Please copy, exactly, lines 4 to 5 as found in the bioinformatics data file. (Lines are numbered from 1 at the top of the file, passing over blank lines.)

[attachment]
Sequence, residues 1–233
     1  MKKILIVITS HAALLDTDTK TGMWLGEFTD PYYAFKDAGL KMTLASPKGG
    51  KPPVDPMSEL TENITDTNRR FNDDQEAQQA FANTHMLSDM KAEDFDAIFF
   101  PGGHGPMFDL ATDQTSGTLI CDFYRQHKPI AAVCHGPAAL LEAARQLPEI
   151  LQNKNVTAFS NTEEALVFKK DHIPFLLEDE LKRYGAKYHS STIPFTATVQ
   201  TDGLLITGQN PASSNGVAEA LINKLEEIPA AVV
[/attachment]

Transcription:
   101  PGGHGPMFDL ATDQTSGTLI CDFYRQHKPI AAVCHGPAAL LEAARQLPEI
   151  LQNKNVTAFS NTEEALVFKK DHIPFLLEDE LKRYGAKYHS STIPFTATVQ